Four years in the making, Jean-Luc Godard’s The Image Book is almost without narrative constraints, akin to the series of collage films of his epic Histoire(s) du cinéma (1988–98). This bracing and confrontational essay in five parts absorbs clips from cinema and reportage, and examines themes that have preoccupied the auteur for decades: emotion stunted by capitalism; the persistence of violence and war; the flattening of language by advertising; and the media’s dehumanisation portrayals of the Middle East.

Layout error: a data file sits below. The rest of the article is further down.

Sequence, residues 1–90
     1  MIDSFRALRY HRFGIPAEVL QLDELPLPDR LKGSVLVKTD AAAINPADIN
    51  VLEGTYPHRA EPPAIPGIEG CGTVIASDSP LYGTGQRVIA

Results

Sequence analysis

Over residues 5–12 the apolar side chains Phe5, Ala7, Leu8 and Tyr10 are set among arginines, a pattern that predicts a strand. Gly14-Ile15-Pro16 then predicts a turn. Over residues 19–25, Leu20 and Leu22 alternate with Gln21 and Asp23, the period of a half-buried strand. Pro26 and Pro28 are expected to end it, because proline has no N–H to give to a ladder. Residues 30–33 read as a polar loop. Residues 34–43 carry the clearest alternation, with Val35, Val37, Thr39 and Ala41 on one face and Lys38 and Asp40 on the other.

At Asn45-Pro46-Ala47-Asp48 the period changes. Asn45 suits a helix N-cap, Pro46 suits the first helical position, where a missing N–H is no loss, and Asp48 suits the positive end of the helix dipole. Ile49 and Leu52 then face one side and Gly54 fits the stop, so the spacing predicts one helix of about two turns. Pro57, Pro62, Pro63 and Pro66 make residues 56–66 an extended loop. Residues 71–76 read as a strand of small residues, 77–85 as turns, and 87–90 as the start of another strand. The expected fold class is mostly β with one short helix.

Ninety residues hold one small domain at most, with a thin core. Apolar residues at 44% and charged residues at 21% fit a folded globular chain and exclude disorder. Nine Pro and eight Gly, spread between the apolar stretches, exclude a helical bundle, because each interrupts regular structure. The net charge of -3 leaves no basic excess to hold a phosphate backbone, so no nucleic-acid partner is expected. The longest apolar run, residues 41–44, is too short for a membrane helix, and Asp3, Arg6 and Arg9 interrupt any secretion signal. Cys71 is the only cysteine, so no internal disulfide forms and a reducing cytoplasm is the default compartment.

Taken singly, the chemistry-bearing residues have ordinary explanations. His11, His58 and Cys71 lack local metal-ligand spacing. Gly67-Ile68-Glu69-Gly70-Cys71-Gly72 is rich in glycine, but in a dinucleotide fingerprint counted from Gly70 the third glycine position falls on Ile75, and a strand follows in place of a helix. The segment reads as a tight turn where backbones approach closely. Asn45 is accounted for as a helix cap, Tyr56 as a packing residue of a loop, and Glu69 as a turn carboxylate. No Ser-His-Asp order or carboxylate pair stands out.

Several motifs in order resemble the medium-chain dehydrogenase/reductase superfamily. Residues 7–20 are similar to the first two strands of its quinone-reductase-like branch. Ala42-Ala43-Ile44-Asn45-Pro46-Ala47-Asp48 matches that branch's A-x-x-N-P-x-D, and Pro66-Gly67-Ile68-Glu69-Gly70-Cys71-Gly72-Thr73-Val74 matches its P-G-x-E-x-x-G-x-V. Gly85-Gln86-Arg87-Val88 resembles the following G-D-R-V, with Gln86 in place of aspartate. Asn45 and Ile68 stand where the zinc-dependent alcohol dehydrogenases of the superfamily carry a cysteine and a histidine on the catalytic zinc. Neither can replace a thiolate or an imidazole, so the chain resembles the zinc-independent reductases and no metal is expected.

Bursts of narrative spoken by Godard himself span philosophical debate and political ideology, and rupture any expectations of audio-visual logic. Erasing the distinction between the fiction films he cites – which include Jean Vigo’s L’Atalante, Gus Van Sant’s Elephant and many of Godard’s own – and newsreels and internet clips, The Image Book positions the moving image as both investigator and proof of the human capacity for horror.
The Image Book, Dir. Jean-Luc Godard, France/Switzerland, 2018, 85 mins, English, Arabic and French with English subtitles